The social workers were also trained to provide an initial engagement session that has been shown to improve rates of mental health follow-up care for socially disadvantaged women. The engagement session includes a unique combination of ethnographical and motivational interviewing to help understand the patient’s explanatory model of illness and potential barriers to care and to educate patients regarding depression and understanding which treatments might be especially acceptable and effective.
Care managers initially worked with the patients on behavioral activation goals, building in activities they enjoyed previously but had stopped doing due to depression. In addition, care managers provided a choice of starting with Problem-Solving Treatment in Primary Care (PST-PC) or antidepressant medication, as well as a choice of whether their contacts with patients would be in person, by phone, or a combination of these. Care managers completed a Patient Health Questionnaire (PHQ-9) depression scale at every contact and entered the dates of contacts and PHQ-9 results in an Excel registry that was reviewed to assess patient progress during weekly case-review meetings with a psychiatrist and a senior OB-GYN physician.
Recommendations about medication changes were then brought to the patient’s OB-GYN physician who wrote all prescriptions.
Women in the usual-care arm had their OB-GYN physicians notified about their depression, had access to a clinic social worker, and could be referred to psychiatry by their OB-GYN physician.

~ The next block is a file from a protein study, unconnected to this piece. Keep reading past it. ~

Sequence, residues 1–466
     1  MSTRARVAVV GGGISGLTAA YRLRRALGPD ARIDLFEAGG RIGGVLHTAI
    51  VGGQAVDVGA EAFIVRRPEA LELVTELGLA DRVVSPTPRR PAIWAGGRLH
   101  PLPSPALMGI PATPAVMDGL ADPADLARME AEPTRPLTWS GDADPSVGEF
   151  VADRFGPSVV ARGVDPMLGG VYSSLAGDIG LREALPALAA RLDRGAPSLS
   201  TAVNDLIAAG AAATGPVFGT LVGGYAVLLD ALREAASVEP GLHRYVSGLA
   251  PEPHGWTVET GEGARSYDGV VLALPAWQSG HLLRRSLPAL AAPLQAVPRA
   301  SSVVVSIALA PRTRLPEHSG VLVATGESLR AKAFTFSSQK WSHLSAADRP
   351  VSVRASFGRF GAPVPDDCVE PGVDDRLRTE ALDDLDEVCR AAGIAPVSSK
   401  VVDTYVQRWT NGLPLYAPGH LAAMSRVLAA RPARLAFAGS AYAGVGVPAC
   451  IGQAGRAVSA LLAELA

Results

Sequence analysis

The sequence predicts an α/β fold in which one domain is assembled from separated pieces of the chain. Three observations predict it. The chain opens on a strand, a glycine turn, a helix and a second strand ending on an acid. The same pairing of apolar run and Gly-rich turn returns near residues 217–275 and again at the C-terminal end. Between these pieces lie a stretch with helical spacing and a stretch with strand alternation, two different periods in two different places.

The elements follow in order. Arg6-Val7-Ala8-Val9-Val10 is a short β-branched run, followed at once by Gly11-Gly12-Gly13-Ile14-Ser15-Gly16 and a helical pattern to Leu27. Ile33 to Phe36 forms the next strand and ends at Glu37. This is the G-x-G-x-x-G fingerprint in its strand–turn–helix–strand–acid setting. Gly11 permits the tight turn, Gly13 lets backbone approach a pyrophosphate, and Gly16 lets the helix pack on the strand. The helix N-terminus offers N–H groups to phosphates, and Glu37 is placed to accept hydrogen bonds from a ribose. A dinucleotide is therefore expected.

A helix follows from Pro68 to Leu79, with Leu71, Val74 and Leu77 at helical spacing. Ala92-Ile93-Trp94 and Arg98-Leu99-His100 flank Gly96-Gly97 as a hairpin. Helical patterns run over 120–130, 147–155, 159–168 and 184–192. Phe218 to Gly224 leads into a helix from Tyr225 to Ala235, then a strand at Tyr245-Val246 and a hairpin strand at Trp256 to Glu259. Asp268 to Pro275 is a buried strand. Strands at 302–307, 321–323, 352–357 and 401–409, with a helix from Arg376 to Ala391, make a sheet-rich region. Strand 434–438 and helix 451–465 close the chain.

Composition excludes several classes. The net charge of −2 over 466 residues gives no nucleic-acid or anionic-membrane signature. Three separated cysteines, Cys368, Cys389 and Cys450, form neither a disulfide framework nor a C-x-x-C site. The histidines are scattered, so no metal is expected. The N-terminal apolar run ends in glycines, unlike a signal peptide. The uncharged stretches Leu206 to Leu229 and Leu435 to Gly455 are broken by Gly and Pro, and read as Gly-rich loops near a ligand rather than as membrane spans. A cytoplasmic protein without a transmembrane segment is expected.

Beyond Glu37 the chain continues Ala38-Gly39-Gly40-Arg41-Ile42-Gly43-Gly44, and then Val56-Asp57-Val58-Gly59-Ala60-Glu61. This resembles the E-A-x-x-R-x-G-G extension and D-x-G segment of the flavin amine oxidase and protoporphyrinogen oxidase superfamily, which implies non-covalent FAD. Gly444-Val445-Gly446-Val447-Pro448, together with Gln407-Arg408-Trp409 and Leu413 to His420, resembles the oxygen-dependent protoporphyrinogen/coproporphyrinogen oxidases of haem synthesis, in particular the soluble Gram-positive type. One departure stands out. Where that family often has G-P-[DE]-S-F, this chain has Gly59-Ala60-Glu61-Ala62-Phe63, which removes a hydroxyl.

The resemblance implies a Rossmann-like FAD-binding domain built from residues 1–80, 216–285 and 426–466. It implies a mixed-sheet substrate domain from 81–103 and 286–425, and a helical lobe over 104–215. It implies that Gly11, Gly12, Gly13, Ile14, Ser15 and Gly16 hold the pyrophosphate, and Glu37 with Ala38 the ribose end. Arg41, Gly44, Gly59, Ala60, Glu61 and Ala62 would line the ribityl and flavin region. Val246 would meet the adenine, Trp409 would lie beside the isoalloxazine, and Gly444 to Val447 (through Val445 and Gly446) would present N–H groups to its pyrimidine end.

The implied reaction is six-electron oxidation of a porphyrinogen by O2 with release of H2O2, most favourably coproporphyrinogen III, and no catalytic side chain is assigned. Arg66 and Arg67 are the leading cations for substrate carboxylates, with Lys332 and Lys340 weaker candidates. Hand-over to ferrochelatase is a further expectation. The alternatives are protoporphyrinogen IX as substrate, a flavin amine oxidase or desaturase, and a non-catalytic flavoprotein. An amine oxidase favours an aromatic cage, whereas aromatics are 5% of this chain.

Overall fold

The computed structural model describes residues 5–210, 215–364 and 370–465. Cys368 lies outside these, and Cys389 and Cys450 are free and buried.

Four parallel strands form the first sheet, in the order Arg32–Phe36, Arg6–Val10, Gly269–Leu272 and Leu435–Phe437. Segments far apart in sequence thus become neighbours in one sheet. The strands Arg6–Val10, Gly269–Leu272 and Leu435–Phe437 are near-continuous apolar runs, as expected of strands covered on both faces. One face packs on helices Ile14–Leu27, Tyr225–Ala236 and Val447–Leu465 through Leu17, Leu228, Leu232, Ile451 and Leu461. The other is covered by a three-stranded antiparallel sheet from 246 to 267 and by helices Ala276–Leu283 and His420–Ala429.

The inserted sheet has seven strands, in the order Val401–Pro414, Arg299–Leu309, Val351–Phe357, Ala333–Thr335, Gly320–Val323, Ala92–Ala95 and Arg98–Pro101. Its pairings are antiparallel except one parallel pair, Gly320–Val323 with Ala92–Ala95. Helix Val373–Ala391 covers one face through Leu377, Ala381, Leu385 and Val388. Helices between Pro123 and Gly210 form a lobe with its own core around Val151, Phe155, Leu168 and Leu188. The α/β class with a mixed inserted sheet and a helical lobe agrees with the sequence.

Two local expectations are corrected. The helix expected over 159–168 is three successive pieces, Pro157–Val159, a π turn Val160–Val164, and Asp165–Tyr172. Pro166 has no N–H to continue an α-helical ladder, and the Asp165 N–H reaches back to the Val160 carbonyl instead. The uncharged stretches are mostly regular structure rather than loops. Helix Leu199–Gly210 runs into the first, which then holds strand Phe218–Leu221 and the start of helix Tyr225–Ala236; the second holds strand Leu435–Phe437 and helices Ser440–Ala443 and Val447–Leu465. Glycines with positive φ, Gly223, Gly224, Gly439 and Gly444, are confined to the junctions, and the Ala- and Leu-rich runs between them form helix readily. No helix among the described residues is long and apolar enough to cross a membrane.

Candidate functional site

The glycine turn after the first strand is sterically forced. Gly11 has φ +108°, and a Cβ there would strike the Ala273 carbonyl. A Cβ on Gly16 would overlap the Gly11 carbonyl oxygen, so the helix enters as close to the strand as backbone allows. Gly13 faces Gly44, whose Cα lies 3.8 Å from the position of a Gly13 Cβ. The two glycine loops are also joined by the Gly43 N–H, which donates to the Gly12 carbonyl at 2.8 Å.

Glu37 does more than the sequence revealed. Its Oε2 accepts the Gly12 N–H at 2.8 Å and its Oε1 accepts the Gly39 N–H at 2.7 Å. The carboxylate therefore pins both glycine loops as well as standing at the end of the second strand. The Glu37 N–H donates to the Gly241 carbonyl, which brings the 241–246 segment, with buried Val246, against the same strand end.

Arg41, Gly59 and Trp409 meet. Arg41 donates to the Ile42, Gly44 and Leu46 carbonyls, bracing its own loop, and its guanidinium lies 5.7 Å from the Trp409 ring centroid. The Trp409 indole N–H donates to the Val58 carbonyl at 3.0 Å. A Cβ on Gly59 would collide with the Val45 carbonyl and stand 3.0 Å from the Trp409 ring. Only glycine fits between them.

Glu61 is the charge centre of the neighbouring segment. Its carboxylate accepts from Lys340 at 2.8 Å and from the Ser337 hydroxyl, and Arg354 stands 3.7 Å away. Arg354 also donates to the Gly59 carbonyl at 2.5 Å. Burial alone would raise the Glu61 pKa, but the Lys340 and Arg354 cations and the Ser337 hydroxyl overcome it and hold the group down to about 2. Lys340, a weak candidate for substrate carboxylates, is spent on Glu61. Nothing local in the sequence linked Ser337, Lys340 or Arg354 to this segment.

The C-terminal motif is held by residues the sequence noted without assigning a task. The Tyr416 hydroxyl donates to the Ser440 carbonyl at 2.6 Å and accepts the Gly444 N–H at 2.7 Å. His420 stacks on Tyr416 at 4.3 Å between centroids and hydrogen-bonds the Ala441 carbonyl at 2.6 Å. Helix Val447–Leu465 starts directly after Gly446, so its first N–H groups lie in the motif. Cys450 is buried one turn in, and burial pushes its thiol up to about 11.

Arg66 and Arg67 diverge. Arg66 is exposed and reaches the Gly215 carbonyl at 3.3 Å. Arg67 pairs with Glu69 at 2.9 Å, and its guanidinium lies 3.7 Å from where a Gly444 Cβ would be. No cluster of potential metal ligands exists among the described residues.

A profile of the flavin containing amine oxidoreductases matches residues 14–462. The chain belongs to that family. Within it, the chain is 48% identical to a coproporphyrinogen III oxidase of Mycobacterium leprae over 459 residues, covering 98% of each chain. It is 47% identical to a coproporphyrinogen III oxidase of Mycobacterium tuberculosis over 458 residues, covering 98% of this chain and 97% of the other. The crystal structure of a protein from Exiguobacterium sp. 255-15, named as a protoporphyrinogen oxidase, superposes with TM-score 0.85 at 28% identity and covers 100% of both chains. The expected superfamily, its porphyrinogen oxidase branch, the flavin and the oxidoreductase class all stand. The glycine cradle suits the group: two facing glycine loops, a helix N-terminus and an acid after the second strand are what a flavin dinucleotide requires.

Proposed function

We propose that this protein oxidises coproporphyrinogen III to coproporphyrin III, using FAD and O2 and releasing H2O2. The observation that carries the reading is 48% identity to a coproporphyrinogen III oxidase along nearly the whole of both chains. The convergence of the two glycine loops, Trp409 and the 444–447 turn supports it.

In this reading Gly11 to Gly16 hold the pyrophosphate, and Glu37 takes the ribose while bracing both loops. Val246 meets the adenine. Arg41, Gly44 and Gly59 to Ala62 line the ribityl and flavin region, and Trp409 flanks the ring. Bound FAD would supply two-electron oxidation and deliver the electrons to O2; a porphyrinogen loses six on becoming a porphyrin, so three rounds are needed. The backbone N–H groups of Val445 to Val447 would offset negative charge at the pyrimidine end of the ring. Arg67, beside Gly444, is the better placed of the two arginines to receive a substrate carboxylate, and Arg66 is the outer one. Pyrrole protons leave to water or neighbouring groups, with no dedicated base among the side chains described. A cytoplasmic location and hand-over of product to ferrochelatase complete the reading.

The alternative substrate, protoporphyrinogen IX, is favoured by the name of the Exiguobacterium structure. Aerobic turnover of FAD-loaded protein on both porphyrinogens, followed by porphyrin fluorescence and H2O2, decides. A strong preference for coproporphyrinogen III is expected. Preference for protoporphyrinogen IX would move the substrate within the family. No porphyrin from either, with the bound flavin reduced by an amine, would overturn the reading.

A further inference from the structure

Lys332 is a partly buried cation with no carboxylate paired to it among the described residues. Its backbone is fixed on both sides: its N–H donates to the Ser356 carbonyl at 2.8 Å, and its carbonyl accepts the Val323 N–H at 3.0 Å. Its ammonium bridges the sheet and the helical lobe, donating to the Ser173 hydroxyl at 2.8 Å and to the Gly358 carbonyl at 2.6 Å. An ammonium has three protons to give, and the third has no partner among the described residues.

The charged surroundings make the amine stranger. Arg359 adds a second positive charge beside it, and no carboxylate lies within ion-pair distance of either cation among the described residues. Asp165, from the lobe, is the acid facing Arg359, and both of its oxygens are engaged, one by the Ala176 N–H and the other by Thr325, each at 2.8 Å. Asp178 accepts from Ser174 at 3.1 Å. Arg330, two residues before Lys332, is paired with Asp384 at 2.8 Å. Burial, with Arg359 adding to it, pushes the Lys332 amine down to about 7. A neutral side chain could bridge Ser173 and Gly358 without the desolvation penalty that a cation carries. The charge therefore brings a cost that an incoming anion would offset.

The DAWN program was a one-year intervention, and objective research follow-ups were completed at six, 12, and 18 months.
Intervention patients, compared with usual-care controls, were shown to have significant improvements in quality of depression treatment (number of mental health contacts and antidepressant adherence), as well as significant improvements in depressive symptoms and functioning over the 18-month follow-up period. Intervention patients were also more satisfied with the quality of depression care. A postintervention survey of OB-GYN providers showed a high level of satisfaction with the quality of care provided in the DAWN intervention.
Another important finding was that the results were similar in the two OB-GYN clinics despite differences in the socioeconomic strata of patients. The county hospital clinic population, which is predominantly a socially disadvantaged population, had almost two-fold higher rates of depression than the university-based clinic, and due to either lack of insurance or Medicaid insurance, clinic staff had limited ability to refer patients to mental health specialists for psychotherapy.
Women living in poverty have the highest incidence and persistence of depression. Because of the excellent outcomes associated with the DAWN intervention and the limited ability to find mental health referrals for this vulnerable population, the county-hospital clinic has continued to fund the DAWN intervention model (that is, the care manager and psychiatrist) after the grant funding ended. Our DAWN team hopes to be involved over the next five years in disseminating this model of care to other OB-GYN and women’s clinics. ■
More information about the DAWN program is posted at www.dawncare.org.